Accident Hawker Siddeley HS-121 Trident 2E B-2218, Wednesday 31 August 1988
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Date:Wednesday 31 August 1988
Type:Silhouette image of generic TRID model; specific model in this crash may look slightly different    
Hawker Siddeley HS-121 Trident 2E
Registration: B-2218
MSN: 2159
Year of manufacture:1973
Total airframe hrs:14332 hours
Engine model:Rolls-Royce Spey 512-5W
Fatalities:Fatalities: 7 / Occupants: 89
Other fatalities:0
Aircraft damage: Destroyed, written off
Location:Hong Kong-Kai Tak International Airport (HKG) -   Hong Kong
Phase: Landing
Nature:Passenger - Scheduled
Departure airport:Guangzhou-Baiyun Airport (CAN/ZGGG)
Destination airport:Hong Kong-Kai Tak International Airport (HKG/VHHH)
Investigating agency: CAD Hong Kong
Confidence Rating: Accident investigation report completed and information captured
A Hawker Siddeley HS-121 Trident 2E passenger jet, registered B-2218, was damaged beyond repair in a landing accident at Kowloon Bay, Hong Kong. There were 78 passengers and seven crew members crew members on board. The airplane operated on CAAC flight 301 from Guangzhou-Baiyun Airport (CAN) to Hong Kong-Kai Tak International Airport (HKG).
As the aircraft neared runway 31 the right outboard trailing edge wing flap struck the innermost approach light and the right main landing gear tyres hit the facing edge of the runway promontory. The right main gear was torn from the wing. The aircraft became airborne again and next contacted the ground 600 metres down the runway. It then veered off the runway to the right, yawed to the right and slid diagonally sideways across the grassed runway strip. The nosewheel and left main gear collapsed, and the aircraft continued until it crossed the parallel taxiway and slid sideways over the edge of the promontory into Kowloon Bay. The aircraft came to rest in the water with the rear extremity of the fuselage supported on a ledge of stone blocks that jutted out from the promontory. Part of the forward fuselage, including the flight compartment, was partially detached from the remainder of the fuselage and hung down at a steep angle into the water from control cables and secondary structure. A fire started in the centre engine intake duct.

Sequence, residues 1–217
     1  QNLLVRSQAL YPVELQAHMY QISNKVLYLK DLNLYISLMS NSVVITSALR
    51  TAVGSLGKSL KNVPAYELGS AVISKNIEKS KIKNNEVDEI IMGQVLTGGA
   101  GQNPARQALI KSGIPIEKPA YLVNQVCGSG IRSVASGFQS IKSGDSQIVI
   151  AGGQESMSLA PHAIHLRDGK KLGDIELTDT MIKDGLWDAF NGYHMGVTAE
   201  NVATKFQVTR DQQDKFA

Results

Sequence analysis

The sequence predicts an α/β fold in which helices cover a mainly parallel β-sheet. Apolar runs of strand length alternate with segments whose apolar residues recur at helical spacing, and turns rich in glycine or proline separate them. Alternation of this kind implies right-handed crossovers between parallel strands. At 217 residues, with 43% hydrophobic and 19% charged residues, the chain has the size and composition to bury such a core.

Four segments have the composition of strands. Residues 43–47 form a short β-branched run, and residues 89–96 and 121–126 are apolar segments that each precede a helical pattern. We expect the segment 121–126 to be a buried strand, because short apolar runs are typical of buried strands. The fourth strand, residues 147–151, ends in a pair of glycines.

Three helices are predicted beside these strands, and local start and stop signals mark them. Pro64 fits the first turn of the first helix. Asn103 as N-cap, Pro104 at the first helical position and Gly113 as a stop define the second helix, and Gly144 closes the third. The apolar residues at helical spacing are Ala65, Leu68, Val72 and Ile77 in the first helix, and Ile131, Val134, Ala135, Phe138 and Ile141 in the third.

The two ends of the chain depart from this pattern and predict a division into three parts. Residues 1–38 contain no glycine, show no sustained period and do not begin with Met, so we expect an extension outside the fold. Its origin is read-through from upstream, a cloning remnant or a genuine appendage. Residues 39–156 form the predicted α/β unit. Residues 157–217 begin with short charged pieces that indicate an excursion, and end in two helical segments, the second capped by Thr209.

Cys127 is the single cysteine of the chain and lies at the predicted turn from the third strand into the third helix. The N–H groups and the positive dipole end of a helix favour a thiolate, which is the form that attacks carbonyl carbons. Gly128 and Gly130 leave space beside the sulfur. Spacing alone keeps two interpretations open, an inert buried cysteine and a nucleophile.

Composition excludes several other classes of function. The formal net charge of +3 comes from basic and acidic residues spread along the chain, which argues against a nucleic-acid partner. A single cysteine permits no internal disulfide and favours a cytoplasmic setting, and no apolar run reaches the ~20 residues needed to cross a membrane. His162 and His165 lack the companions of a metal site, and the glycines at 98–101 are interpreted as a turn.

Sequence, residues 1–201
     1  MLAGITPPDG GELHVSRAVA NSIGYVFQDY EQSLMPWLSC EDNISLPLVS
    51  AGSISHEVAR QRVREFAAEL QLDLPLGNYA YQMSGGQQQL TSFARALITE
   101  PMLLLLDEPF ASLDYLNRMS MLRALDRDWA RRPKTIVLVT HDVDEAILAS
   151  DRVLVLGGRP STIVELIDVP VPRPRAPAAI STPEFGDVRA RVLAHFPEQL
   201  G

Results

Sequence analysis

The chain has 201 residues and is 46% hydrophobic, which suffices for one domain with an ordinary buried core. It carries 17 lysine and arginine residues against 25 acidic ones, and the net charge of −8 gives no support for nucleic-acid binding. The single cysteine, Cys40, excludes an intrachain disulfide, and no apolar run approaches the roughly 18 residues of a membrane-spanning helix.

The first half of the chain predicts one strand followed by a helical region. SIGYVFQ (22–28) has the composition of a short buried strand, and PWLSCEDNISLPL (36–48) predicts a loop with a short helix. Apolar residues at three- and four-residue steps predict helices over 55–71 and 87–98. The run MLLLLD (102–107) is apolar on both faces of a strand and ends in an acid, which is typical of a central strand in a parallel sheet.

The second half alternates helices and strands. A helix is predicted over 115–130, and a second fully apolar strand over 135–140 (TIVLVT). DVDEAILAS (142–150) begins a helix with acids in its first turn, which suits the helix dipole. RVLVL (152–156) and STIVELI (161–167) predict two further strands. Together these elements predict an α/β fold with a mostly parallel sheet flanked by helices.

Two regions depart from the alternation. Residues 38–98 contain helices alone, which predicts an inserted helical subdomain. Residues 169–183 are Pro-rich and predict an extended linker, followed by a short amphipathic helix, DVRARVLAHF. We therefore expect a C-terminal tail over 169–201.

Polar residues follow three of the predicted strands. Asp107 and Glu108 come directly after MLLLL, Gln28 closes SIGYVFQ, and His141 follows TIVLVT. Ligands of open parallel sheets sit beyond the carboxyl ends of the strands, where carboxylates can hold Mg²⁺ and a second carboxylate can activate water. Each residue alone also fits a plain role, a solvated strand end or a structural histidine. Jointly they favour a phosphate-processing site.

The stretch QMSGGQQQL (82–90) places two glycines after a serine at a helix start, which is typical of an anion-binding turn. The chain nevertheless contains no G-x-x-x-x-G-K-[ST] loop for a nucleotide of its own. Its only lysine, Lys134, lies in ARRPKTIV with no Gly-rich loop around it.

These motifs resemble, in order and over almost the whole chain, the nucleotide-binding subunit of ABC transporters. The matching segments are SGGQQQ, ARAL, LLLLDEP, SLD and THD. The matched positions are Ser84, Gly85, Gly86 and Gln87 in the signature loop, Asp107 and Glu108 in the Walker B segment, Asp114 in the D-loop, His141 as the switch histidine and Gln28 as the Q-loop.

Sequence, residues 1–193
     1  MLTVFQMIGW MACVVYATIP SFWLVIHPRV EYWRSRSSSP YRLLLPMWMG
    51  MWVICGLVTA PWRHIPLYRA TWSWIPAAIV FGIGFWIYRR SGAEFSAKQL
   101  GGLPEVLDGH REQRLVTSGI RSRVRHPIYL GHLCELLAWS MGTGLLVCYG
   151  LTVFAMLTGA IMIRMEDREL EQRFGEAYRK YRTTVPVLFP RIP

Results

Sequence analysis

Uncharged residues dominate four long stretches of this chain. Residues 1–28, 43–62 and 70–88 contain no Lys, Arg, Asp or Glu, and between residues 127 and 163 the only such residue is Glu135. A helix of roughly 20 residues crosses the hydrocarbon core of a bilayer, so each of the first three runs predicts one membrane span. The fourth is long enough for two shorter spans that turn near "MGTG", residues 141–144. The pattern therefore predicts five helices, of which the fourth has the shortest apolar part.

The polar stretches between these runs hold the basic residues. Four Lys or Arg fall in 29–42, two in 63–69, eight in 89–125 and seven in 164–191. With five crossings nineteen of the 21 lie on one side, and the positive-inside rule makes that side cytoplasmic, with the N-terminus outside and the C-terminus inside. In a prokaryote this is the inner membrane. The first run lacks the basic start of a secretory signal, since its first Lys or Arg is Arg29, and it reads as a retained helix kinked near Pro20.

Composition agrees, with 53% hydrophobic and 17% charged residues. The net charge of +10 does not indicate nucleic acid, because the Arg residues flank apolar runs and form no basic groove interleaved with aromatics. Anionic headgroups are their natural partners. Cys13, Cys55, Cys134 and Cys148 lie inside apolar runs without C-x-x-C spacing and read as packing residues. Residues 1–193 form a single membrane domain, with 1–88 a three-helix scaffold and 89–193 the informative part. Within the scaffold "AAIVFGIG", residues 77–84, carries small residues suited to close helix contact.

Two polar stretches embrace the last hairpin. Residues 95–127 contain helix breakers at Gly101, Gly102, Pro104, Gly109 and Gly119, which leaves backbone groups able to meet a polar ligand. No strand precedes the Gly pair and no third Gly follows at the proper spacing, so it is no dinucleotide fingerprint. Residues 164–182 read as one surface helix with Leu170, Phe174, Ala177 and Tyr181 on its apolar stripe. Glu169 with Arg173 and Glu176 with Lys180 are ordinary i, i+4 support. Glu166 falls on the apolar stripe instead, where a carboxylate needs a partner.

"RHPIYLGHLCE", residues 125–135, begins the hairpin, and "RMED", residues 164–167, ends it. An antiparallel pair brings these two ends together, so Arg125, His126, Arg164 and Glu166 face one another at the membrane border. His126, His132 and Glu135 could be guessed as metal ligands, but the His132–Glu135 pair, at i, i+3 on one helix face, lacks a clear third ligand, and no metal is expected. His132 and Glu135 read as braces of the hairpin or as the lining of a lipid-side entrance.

Weather at the time of the accident was poor including rain and fog with 450 m visibility.

CAUSE: "There was insufficient evidence to determine the cause of the accident.
It appears probable that, having converted to visual references at some point prior to Decision Height, the commander elected to continue the approach despite the fact that heavy rain had caused a sudden marked deterioration in the visual references in the final stages.
There was no conclusive evidence that the aircraft encountered significant windshear on the approach, but given the meteorological conditions that existed at the time it cannot be ruled out, and therefore windshear may have been a contributory factor in destabilising the approach."

Accident investigation:
Investigating agency: CAD Hong Kong
Report number: AAR 1-90
Status: Investigation completed
Duration: 1 year and 9 months
Download report: Final report


A Benefit Analysis for Cabin Water Spray Systems and Enhanced Fuselage Burnthrough Protection (CAA PAPER 2002/04)
ICAO Adrep Summary 4/88 (#25)


  • 76th worst accident in 1988
  • 7th worst accident of this aircraft type
  • 7th worst accident of this aircraft type at the time


Revision history:


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